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I have a Mac Book (2006)

  • 2 gb ram
  • 2.2 GHz processor core 2 duo (intel-based processor)
  • 80 GB hdd
  • loaded with Windows 7 x86 only (single boot) - I've deleted the Mac X OS completely before and I don't have any Mac OS DVDs right now

So here's what I want to do:

  • I want to install Ubuntu 12.04.3 on my Mac as a single boot (and get rid of windows 7) How exactly can I do that??

  • And How can I also dual-boot Ubuntu and Windows 7 on this Mac? (in case I want to in the future)

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1 Answer

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To install Ubuntu on your computer you'll either need an external hard drive or an Ubuntu DVD/CD. Then you simply pop the CD in, and hold Option down at boot. This will give you a list of available boot devices. Select your CD, and you are set! (Don't fully partition your hard drive for Ubuntu if you want a Windows install later on, but be warned Windows 7 takes about 20GB of space, and on 80GB that is 1/4th of your hard drive!)

https://help.ubuntu.com/community/MacBook - Info on your specific macbook (I couldn't find a 2006 macbook with your specs)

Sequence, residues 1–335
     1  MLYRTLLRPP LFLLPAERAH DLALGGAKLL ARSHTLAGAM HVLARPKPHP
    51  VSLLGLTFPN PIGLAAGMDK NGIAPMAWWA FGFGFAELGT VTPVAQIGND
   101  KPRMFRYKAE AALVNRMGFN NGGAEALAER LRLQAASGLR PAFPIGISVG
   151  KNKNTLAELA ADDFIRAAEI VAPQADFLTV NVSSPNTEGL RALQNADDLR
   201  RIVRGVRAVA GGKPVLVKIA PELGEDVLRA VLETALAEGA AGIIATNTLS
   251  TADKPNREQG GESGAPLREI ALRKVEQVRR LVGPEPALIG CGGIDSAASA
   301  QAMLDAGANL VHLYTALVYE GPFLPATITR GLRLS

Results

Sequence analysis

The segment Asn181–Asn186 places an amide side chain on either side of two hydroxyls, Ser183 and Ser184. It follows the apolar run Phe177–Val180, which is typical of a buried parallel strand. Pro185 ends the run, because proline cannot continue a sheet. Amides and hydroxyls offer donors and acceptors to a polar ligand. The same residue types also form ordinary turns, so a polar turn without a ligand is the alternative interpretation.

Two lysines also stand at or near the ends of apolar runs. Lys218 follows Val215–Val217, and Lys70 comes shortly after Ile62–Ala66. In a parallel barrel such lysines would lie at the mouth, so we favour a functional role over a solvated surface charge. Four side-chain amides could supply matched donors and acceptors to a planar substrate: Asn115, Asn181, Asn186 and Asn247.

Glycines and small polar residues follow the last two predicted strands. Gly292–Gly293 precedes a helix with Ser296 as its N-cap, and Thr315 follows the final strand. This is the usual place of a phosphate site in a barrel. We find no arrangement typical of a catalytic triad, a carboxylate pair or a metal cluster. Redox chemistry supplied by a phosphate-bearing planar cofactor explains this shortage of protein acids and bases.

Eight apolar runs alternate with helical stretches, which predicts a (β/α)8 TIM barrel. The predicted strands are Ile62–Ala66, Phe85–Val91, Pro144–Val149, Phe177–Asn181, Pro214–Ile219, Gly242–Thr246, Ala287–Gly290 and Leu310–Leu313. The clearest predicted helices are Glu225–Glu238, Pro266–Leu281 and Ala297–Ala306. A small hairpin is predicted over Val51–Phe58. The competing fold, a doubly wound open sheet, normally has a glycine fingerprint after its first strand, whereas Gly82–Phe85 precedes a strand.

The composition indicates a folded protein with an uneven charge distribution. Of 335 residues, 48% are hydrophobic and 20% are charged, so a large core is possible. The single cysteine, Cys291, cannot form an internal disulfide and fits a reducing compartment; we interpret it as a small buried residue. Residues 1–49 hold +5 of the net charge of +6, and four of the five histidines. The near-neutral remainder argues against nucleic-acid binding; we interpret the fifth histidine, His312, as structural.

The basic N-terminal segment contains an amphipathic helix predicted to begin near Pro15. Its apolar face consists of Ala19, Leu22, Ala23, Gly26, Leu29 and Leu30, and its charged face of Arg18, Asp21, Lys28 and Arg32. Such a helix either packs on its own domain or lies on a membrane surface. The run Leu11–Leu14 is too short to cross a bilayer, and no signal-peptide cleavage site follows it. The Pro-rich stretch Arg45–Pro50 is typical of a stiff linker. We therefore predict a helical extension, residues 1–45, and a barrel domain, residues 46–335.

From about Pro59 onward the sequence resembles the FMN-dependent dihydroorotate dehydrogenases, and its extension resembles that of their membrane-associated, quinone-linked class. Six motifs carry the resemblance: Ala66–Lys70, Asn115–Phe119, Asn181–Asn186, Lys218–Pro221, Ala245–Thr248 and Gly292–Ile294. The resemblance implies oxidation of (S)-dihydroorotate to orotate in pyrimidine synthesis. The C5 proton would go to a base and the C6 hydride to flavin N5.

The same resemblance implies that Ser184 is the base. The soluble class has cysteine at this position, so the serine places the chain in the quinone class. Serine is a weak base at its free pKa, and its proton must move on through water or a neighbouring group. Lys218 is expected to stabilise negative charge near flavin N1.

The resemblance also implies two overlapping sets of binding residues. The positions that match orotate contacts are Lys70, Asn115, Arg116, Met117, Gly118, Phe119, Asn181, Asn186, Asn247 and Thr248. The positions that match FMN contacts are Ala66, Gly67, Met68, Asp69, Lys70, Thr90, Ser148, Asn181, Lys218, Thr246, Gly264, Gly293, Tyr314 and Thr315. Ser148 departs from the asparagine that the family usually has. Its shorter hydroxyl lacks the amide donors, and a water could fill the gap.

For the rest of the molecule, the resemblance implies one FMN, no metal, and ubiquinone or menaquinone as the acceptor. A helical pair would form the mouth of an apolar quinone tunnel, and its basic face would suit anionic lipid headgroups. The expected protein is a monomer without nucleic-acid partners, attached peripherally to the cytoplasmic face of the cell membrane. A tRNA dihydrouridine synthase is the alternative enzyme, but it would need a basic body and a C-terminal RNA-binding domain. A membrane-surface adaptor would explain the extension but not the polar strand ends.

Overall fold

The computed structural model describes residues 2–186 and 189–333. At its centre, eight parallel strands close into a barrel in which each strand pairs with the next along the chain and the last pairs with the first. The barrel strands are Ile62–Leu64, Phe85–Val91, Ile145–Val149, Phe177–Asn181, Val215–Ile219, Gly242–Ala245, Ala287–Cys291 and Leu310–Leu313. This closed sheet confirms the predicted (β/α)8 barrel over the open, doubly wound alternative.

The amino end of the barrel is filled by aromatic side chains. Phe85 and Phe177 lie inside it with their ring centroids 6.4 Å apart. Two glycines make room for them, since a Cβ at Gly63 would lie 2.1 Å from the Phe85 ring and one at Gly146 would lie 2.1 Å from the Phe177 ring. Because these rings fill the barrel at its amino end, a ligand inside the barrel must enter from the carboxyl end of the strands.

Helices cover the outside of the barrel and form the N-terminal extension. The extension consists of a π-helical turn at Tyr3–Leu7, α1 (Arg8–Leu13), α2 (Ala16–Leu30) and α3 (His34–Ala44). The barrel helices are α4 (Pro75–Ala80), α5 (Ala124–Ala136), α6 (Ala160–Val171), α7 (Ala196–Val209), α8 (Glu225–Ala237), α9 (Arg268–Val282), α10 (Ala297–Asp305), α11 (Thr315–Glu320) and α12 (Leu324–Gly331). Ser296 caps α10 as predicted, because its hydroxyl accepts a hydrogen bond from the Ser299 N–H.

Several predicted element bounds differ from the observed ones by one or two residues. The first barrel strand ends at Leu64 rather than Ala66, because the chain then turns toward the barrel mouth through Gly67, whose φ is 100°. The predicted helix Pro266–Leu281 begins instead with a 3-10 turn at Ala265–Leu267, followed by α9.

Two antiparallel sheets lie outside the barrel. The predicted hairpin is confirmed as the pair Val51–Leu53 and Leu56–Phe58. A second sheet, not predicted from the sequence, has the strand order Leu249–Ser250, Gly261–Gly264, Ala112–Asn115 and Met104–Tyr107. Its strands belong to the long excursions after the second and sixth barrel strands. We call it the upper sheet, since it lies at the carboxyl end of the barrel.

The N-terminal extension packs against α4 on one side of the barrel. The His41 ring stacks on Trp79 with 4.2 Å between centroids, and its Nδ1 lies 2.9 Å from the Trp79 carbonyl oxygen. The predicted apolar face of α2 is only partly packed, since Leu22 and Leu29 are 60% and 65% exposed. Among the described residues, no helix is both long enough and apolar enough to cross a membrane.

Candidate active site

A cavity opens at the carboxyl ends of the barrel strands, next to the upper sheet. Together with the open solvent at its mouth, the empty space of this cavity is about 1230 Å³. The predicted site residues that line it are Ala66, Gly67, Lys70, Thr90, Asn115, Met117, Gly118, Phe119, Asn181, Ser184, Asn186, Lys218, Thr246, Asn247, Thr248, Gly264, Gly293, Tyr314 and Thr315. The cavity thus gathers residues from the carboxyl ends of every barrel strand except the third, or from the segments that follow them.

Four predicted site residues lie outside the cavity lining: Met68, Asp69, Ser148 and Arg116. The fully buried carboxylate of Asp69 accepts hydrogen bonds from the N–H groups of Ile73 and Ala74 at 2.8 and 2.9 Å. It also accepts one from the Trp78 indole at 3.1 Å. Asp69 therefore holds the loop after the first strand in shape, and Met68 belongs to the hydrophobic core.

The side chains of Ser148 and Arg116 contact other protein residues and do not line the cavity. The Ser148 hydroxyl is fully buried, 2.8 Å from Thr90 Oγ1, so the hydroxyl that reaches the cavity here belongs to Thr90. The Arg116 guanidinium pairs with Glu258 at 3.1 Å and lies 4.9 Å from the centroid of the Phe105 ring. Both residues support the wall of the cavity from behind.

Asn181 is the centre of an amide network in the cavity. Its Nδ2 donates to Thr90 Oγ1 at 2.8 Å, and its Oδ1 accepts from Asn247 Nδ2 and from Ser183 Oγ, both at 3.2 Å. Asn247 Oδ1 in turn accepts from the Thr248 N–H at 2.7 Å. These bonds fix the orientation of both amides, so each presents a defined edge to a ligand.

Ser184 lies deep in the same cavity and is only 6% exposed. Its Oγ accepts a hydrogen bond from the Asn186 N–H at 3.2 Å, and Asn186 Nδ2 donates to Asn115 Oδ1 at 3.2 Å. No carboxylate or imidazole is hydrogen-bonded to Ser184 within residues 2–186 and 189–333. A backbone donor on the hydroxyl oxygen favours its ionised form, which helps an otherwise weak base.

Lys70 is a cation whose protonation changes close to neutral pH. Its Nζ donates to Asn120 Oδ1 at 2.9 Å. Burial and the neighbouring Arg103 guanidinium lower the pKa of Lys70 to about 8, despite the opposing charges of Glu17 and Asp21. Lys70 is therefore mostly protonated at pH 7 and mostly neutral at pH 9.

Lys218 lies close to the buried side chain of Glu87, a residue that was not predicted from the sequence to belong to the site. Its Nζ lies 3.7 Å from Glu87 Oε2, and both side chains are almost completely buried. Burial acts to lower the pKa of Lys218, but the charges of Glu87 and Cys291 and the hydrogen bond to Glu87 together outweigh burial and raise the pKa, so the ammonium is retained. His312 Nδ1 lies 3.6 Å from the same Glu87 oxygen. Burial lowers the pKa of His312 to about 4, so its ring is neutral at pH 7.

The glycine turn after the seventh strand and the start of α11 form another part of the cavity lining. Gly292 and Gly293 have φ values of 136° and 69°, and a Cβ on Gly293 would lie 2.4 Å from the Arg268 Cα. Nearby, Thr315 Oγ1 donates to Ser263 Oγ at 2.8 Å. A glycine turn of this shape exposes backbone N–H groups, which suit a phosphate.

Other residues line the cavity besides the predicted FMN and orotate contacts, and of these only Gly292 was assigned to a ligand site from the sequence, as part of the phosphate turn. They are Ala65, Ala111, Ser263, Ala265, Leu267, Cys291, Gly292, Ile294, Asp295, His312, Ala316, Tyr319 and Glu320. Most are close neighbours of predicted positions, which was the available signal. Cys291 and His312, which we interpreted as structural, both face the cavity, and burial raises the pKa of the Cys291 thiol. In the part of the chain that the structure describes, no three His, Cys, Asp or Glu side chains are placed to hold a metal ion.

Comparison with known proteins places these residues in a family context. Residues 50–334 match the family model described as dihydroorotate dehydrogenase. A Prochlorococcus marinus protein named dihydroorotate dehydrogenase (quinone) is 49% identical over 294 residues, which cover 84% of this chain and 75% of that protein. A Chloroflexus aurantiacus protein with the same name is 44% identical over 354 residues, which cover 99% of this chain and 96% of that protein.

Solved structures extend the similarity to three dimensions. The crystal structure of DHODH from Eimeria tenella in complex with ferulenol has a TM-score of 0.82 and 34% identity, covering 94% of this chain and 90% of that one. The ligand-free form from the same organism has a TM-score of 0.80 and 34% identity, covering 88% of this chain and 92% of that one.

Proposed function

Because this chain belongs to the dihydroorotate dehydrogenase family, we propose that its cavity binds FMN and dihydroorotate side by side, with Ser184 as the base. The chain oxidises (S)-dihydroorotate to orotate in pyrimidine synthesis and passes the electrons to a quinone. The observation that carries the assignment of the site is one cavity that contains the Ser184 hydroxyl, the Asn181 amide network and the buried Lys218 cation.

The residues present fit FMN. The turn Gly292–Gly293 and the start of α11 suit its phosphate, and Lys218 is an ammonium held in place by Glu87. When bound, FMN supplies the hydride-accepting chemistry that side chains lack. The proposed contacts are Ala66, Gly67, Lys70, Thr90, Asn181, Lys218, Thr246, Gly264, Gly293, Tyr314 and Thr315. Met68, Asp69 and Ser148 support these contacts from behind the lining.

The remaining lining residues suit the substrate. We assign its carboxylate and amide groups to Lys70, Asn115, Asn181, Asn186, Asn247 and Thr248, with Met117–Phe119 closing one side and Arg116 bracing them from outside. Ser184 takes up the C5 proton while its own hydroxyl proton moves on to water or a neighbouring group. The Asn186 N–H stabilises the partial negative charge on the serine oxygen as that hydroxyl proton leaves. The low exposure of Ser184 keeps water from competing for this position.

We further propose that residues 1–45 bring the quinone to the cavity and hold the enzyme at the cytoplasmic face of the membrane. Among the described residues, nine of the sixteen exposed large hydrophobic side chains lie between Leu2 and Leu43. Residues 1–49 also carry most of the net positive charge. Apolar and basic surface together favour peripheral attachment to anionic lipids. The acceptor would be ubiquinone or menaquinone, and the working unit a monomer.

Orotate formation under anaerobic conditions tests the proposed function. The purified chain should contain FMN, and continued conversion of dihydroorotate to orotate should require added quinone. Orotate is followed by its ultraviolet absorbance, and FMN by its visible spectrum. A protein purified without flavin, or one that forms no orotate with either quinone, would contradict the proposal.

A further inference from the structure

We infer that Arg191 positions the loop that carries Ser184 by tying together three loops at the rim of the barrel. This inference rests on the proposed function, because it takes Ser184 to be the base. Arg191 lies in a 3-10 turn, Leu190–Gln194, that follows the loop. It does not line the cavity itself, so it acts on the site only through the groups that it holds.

http://www.ubuntu.com/download/desktop/burn-a-dvd-on-windows - Burning an Ubuntu disk on Windows

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can I install Ubuntu on the same partition Windows is installed on?(suppose there's enough empty space for both Ubuntu and Windows on the same partition) Note that my hdd is formatted as follows: one 25 GB partition with Windows installed on it the other 55 GB partition (data) –  Mohamed Abdel Monem Oct 8 '13 at 21:55
    
No, you'll need to create a new partition for Ubuntu. It should however be able to share the data partition :) –  rockon999 Oct 12 '13 at 18:33
    
What about if I installed Ubuntu via wubi, wouldn't I still be able to install Ubuntu on the same partition windows is installed on? –  Mohamed Abdel Monem Oct 14 '13 at 11:56
    
Yes you could, but Wubi is no longer supported, and it is limited to about 20GB I believe. It was intended (in my opinion) to be an Ubuntu trial, not a full fledged installation. –  rockon999 Oct 18 '13 at 3:45
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